Israel-Gaza conflict: UN school shelled by Israeli tanks, leaving 15 dead and 200 wounded

Doctors and officials described the strike as a 'massacre' mostly impacting children

At least 15 Palestinians have been killed after Israeli tanks shelled a UN-run school in Gaza, health officials have said.

Ashraf al-Qidra, a spokesperson for the Gaza Health Ministry, said that another 200 people were wounded in the attack on a compound offering shelter to those who had already fled the fighting elsewhere.

While the Israeli Defence Forces (IDF) had no immediate comment on the incident, news agency photographers reported seeing pools of blood on the ground in the courtyard of the school near the apparent impact mark of a shell.

Israeli Radio, without citing a source, said that most of those killed at the UN compound were children.

It comes after the UN's humanitarian chief drew attention to the "major concern" of child fatalities in the conflict, which has seen one child killed every hour over the past three days.

On Tuesday, a spokesperson for the UN's Office for the Coordination of Humanitarian Affairs (OCHA) said: "There is literally no safe place for civilians [in Gaza]."

A trail of blood is seen in the courtyard of a UN School in the northern Beit Hanun district of the Gaza Strip on July 24, 2014, after it was hit by an Israeli tank shell (AFP) A trail of blood is seen in the courtyard of a UN School in the northern Beit Hanun district of the Gaza Strip on July 24, 2014, after it was hit by an Israeli tank shell (AFP) Hundreds of Palestinians had been inside the school in Beit Hanoun, struck today in the fourth such incident since the Israeli military offensive began on 8 July.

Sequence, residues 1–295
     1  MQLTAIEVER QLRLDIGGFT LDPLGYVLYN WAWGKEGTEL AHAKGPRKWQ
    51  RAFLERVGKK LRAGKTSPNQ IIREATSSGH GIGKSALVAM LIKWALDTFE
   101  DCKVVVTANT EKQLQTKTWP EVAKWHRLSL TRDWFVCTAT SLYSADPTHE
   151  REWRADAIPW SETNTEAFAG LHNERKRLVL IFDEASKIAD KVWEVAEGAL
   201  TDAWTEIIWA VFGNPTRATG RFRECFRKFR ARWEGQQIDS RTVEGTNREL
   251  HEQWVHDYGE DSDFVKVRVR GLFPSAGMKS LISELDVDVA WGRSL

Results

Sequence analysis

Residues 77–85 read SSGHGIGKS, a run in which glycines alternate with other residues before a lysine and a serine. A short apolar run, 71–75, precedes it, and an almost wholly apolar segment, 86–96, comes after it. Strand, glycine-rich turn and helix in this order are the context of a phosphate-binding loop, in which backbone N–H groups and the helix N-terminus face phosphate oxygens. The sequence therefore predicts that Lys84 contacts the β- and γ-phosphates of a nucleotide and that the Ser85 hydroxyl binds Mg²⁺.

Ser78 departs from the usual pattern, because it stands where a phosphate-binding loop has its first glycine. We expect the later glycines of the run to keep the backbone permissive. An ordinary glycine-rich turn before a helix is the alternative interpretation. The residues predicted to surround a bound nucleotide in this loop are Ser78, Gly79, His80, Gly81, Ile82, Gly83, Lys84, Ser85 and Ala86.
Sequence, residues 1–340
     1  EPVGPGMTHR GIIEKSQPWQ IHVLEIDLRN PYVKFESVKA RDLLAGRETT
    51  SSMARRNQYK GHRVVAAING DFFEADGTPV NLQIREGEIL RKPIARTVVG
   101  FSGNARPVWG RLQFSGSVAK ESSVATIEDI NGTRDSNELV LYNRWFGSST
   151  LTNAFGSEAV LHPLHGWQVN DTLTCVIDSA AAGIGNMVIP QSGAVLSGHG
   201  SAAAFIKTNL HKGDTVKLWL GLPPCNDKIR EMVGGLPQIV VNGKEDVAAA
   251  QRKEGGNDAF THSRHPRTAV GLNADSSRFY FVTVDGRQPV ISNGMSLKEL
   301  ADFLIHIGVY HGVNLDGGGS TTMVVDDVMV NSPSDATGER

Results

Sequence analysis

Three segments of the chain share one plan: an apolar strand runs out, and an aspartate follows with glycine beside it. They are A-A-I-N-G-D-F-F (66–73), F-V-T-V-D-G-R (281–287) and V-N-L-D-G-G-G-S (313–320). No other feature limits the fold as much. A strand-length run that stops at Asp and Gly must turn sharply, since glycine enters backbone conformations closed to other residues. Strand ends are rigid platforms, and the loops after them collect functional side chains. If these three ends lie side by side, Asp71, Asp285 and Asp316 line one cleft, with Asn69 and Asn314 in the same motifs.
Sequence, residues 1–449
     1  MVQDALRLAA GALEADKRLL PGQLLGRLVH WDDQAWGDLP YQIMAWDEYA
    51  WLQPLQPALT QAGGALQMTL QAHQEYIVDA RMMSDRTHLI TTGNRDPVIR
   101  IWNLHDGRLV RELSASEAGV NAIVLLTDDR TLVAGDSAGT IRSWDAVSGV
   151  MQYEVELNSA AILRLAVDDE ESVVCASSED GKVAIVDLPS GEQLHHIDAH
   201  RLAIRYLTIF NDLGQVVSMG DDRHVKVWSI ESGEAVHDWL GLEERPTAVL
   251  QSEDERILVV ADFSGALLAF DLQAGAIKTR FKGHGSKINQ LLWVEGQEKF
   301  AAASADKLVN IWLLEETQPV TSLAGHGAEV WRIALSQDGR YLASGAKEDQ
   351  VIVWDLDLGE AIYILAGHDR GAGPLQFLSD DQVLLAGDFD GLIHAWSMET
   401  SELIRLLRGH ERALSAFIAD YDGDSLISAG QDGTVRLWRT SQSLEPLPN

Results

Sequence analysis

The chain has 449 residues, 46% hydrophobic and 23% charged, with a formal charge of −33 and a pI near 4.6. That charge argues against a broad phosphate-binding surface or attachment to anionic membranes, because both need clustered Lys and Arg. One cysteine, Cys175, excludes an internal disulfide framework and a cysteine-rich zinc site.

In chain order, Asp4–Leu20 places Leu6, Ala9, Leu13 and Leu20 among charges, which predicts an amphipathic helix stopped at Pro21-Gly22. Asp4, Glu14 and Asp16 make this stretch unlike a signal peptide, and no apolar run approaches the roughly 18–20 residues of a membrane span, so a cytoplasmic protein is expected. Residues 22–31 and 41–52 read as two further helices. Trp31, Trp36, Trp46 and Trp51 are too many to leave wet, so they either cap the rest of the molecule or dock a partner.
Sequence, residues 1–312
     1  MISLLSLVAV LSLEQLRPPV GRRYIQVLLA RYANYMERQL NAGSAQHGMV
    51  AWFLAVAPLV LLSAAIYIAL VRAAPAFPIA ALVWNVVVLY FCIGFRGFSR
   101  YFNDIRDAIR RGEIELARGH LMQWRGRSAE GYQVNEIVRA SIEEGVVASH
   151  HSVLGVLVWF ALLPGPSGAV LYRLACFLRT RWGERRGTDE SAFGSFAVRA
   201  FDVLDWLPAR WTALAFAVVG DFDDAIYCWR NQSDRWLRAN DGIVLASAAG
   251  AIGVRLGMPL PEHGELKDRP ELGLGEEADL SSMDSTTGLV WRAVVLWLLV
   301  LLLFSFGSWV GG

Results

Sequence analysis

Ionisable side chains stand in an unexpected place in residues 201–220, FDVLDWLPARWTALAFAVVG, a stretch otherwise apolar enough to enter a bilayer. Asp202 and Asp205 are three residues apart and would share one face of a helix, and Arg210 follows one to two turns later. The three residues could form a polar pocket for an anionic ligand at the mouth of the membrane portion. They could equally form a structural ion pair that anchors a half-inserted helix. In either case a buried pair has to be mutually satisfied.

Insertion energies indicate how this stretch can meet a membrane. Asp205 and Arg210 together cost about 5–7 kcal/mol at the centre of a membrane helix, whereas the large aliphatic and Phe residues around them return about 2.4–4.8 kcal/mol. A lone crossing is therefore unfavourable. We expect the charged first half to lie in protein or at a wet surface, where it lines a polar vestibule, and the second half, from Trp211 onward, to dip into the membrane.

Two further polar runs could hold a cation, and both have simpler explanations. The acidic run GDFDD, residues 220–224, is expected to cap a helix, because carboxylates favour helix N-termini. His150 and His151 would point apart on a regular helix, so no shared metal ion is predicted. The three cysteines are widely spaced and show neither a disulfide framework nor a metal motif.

The director of a local hospital said various medical centres around Beit Hanoun in the coastal enclave were receiving the wounded.

"Such a massacre requires more than one hospital to deal with it," said Ayman Hamdan, director of the Beit Hanoun hospital.

Earlier today Valerie Amos, the UN Under-Secretary-General for humanitarian affairs, said the "dire" situation in Gaza required an immediate truce so that aid could get to those worst-affected.

Baroness Amos said: "People are sheltering in UN schools which as a result cannot be used for education. They are running out of food, and water is also a serious concern.

Video: warning very graphic images

"But the majority of those killed in Gaza are women, children and men who have nothing to do with the fighting. That we have had children, so many children killed as a result of the violence in the last few days is a terrible, terrible situation."

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